Coal Creek (Susquehanna River tributary)

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Coal Creek is a tributary of the Susquehanna River in Luzerne County, Pennsylvania, in the United States. It is approximately 2.9 miles (4.7 km) long and flows through Plymouth Township and Plymouth.[1] The watershed of the creek has an area of 1.46 square miles (3.8 km2). A reservoir known as Spring Brook Reservoir Number Four is situated on the creek. The surficial geology near the creek includes Wisconsinan Till, Wisconsinan Ice-Contact Stratified Drift, alluvium, coal dumps, and bedrock consisting of sandstone and shale. On July 3, 2011, Coal Creek flooded when 5 inches (13 cm) of rain fell in the watershed in less than 90 minutes. The flood caused $5 million in damage. The creek is designated as a Coldwater Fishery and a Migratory Fishery.

Coal Creek
Coal Creek.jpg
Coal Creek looking downstream in its lower reaches
Physical characteristics
 • locationvalley near the northern border of Plymouth Township, Luzerne County, Pennsylvania
 • elevationbetween 1,400 and 1,420 feet (430 and 430 m)
 • location
Susquehanna River in Plymouth, Luzerne County, Pennsylvania
 • coordinates
41°13′45″N 75°57′23″W / 41.2293°N 75.9564°W / 41.2293; -75.9564Coordinates: 41°13′45″N 75°57′23″W / 41.2293°N 75.9564°W / 41.2293; -75.9564
 • elevation
515 ft (157 m)
Length2.9 mi (4.7 km)
Basin size1.46 sq mi (3.8 km2)
 • averageoften dry
Basin features
ProgressionSusquehanna River → Chesapeake Bay


Coal Creek begins in a valley near the northwestern border of Plymouth Township. It flows south-southwest for nearly a mile, passing through Spring Brook Reservoir Number Four. After passing through the reservoir, the creek continues flowing south-southwest for a short distance before turning south-southeast. After several tenths of a mile, its valley becomes significantly shallower and it turns southeast, entering Plymouth. A few tenths of a mile further downstream, the creek turns south-southeast. After several tenths of a mile, it crosses US Route 11 and, about 3,000 feet from its mouth, exits Plymouth, reentering Plymouth Township. A short distance further downstream, it reaches its confluence with the Susquehanna River.[1]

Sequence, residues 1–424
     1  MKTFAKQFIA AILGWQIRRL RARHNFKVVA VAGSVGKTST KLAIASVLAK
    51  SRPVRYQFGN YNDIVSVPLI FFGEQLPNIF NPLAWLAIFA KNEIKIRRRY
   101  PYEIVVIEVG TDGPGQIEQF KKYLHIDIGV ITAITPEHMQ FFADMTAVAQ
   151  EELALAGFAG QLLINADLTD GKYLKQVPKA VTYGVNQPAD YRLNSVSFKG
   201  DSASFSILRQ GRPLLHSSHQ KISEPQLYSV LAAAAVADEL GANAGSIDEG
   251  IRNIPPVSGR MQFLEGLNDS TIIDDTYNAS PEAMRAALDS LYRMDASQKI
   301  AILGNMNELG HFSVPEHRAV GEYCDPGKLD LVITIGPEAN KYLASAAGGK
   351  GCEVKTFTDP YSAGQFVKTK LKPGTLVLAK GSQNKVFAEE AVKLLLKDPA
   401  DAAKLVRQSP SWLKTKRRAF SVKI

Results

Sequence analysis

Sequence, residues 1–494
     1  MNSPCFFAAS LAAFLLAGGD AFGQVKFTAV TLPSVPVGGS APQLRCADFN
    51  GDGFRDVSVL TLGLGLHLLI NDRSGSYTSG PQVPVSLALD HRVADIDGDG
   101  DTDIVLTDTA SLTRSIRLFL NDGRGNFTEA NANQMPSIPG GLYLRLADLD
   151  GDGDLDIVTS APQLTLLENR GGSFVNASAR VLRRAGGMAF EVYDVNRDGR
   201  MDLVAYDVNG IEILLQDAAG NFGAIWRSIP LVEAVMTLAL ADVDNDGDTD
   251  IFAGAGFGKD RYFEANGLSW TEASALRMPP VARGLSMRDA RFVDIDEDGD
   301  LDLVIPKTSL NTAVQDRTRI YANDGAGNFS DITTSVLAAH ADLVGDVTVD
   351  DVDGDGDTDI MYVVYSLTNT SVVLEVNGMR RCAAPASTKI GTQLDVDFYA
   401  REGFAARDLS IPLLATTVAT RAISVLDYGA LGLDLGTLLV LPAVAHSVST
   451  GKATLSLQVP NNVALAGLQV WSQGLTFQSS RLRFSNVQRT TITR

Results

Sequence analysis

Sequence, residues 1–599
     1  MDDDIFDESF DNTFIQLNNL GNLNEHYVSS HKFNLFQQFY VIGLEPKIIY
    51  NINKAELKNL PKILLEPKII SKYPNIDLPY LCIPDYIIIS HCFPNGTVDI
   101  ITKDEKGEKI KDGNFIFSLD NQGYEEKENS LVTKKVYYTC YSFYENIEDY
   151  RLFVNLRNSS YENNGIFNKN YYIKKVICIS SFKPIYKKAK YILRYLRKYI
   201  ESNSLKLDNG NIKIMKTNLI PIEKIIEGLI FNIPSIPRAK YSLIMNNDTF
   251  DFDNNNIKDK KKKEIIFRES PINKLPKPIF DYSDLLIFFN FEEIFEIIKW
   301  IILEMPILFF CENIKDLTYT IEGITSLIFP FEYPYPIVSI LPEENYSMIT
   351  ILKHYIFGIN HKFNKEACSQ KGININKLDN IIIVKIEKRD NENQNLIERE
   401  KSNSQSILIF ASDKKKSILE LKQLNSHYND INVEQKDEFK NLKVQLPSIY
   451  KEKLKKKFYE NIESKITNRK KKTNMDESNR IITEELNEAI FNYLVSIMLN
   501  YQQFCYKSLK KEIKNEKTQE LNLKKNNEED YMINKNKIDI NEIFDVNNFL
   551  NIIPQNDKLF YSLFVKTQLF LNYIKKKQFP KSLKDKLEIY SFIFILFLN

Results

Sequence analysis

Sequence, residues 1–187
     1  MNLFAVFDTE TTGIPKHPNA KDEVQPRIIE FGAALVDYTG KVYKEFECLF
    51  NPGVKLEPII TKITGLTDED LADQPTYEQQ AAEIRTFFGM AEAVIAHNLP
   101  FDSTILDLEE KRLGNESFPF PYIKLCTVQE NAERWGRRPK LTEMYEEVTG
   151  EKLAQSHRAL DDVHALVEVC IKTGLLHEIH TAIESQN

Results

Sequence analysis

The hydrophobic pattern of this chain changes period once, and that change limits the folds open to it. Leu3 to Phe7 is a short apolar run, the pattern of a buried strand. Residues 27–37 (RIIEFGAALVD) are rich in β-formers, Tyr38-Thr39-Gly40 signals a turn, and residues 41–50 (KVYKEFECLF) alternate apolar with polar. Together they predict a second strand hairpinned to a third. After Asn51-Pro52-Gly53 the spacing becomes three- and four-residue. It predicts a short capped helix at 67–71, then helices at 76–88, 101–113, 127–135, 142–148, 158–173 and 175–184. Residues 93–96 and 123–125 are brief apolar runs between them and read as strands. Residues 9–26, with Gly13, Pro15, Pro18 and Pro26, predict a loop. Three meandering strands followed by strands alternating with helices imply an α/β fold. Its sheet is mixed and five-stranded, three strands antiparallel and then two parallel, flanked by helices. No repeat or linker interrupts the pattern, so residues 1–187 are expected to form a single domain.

Coal Creek joins the Susquehanna River 184.96 miles (297.66 km) upriver of its mouth.[2]


In 1916, Coal Creek was described as having clear waters as far downstream as the Lehigh and Wilkes-Barre Coal Company's mine openings, near an outcrop. However, downstream of that point, large amounts of mine water were pumped into the creek.[3] Nowadays the creek is often dry, but can experience short, high-rate floods on occasion.[4]

Geography and geologyEdit

The elevation near the mouth of Coal Creek is 515 feet (157 m) above sea level.[5] The elevation near the creek's source is between 1,400 and 1,420 feet (430 and 430 m) above sea level.[1] As it descends over 800 feet (240 m) in less than three miles between its source and its mouth, the creek is a "rapid stream".[6]

Since the Coal Creek Flood in 2011, 1,500 feet (460 m) of Coal Creek in residential areas have been protected with riprap and concrete walls.[7] The creek is in the Wyoming Valley.[8] Its headwaters are in mountains in Plymouth Township.[6]

Reynolds Shaft is not far from the mouth of Coal Creek.[3] The Baltimore Coal Company historically had a mine on the creek.[9] A 100-year-old water main runs through the creek. The water main is made of cast iron and supplies water to a third of the Wyoming Valley.[7]